(With apologies to Michael Moorcock and his brilliant book Blood: A Southern Fantasy, which I rip off shamelessly)

The world is populated by Gamblers. The games they play are the games of reality, creating fictional worlds and pitting their elements against one another for dominance. Such games are often fleeting, played in idle moments and brief passings between other activities until one or the other emerges victorious.Read more... )
amnesiack: (mohawk1)
I love Bella Morte's video for their cover of "Earth Angel." It makes me wish I liked their regular music more.

amnesiack: (blue sun)
Adam Baldwin is going to be a guest at this year's Emerald City Comicon. Sweet.
amnesiack: (commie star)
I went to the Democratic Caucus today. It was my first time participating in one, and it turned out to be extremely disorganized, but once everything worked out, it was really cool. There were three precincts, including mine, meeting in the room where I was. The final delegate counts ended up being 5 Obama - 1 Hillary, 5 Obama - 1 Hillary, and 10 Obama - 1 Hillary. I ran into my friend Dan afterwards, and he told me his 6 delegate precinct ended up with all 6 going to Obama.

I hope this is a state-wide trend.
amnesiack: (uber die)
Ben Lehman, author of the blisteringly awesome story game Polaris, is now taking preorders for his new game Bliss Stage. In Bliss Stage, you play a teenager who combats alien invaders by piloting a mecha constructed from the dream-fragments of your friends, loved ones, and enemies. How much more awesome can you get? He also set up a promotional quiz...

"I'm a Devoted Lover!"

"Every time I fight... everything I do... I'm thinking of you. I do everything for you. No one else understands me. If anything happened to you, I just couldn't go on."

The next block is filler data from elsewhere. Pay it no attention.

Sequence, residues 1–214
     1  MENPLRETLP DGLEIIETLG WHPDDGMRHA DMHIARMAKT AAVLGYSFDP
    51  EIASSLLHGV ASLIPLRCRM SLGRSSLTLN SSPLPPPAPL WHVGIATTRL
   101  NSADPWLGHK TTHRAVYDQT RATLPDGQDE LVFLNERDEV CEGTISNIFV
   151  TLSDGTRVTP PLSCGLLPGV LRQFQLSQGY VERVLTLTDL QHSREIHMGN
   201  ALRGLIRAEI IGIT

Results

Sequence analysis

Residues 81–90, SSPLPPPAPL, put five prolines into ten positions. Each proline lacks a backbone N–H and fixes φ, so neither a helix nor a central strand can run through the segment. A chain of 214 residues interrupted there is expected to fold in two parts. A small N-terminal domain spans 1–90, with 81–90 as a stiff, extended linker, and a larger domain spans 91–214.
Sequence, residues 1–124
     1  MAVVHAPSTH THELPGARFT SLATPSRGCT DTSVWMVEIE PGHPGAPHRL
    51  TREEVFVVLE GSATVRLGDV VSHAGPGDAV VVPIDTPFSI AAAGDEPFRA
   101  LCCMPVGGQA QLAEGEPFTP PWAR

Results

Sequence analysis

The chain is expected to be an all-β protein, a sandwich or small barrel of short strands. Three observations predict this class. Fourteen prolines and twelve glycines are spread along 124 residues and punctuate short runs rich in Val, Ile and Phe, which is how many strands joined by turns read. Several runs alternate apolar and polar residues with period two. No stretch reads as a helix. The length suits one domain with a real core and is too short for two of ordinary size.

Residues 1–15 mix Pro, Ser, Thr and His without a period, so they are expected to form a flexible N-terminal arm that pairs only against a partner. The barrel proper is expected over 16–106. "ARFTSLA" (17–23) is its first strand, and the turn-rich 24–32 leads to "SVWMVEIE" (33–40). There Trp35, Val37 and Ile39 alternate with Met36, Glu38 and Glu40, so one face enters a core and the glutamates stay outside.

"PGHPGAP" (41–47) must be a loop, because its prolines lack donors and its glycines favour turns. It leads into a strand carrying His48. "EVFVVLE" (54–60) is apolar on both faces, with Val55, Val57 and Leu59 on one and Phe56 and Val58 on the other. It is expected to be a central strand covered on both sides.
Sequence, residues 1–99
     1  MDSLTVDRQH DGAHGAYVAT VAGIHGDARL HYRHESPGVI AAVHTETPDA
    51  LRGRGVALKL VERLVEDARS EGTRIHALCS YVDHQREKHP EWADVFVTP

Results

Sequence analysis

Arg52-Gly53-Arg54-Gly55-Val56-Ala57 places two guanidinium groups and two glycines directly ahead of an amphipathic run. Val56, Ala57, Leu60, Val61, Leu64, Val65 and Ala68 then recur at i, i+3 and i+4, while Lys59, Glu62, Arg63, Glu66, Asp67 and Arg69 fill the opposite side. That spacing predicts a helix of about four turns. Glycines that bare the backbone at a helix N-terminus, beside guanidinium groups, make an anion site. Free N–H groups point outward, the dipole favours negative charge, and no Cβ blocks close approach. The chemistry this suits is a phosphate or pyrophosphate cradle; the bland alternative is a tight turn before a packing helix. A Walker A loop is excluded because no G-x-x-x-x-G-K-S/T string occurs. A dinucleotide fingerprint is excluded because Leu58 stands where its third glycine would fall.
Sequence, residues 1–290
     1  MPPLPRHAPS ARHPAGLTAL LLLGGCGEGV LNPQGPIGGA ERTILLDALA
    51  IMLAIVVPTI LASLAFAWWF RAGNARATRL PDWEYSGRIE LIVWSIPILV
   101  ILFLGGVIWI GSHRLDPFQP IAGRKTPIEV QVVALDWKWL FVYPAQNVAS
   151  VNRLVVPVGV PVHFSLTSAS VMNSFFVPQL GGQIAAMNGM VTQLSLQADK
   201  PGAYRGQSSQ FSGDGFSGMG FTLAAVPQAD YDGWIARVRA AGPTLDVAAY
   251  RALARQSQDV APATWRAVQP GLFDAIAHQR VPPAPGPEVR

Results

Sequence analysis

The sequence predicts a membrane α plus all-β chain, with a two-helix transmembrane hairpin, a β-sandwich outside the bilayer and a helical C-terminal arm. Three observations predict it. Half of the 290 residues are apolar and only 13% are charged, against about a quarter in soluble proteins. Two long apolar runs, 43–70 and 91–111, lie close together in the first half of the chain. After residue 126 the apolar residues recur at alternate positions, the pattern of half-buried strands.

Personality:As a Devoted Lover, you're absolutely committed to a single deep relationship. In battle, this commitment makes your ANIMa a deadly weapon. At other times, however you're isolated and moody. Can your love survive the realities of combat?

Advice: Get out more. Your commitment to your lover is admirable, but you need to make more friends. Even if you can't see it, your dependence has put enormous strain on your relationship. Paradoxically, if you spent a little time apart, your love would get deeper. This is easier than you think. Others may find you a little stand-offish, but they'll like you as soon as they get to know you.

Which Bliss Stage Pilot are you?
Bliss Stage
amnesiack: (american astronaut)
So, I'm really burnt out on the house searching/buying process already. It sucks. However, I'm not quite as down on it today as I have been (like, say, Thursday). We looked at two more properties today, and both of them rocked. We've put in an offer on this place. It's a spacious (for real, not just in realtor-speak) 3 bedroom, 2 bath townhouse in the Central District. By bus it's 15 minutes from work and 20 minutes from the U-District. There's a Trader Joes 0.7 miles away, and all three of us and our stuff will actually fit comfortably in it. I really hope we get this one; we should know if our offer is accepted by noon tomorrow, and then we'll go through the inspection process again. Woo.

If that one falls through, here's the second one. It's not as big, but it's nice and has cool hardwood floors. The location isn't quite as desirable either (Columbia City again), but I'd already gotten used to the idea of living there, so that wouldn't be a big deal.